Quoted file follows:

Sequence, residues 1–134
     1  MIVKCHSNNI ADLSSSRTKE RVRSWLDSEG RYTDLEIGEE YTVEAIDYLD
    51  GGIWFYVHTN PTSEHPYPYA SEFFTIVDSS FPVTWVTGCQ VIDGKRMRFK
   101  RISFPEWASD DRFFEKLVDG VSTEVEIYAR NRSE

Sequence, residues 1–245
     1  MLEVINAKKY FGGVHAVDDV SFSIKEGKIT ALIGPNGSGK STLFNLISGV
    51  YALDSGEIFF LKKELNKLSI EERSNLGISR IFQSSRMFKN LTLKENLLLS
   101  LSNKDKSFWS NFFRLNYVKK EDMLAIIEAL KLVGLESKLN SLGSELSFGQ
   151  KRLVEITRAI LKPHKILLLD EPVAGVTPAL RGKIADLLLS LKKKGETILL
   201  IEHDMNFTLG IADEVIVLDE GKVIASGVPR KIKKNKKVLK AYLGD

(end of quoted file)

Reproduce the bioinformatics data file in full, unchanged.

Sequence, residues 1–134
     1  MIVKCHSNNI ADLSSSRTKE RVRSWLDSEG RYTDLEIGEE YTVEAIDYLD
    51  GGIWFYVHTN PTSEHPYPYA SEFFTIVDSS FPVTWVTGCQ VIDGKRMRFK
   101  RISFPEWASD DRFFEKLVDG VSTEVEIYAR NRSE

Sequence, residues 1–245
     1  MLEVINAKKY FGGVHAVDDV SFSIKEGKIT ALIGPNGSGK STLFNLISGV
    51  YALDSGEIFF LKKELNKLSI EERSNLGISR IFQSSRMFKN LTLKENLLLS
   101  LSNKDKSFWS NFFRLNYVKK EDMLAIIEAL KLVGLESKLN SLGSELSFGQ
   151  KRLVEITRAI LKPHKILLLD EPVAGVTPAL RGKIADLLLS LKKKGETILL
   201  IEHDMNFTLG IADEVIVLDE GKVIASGVPR KIKKNKKVLK AYLGD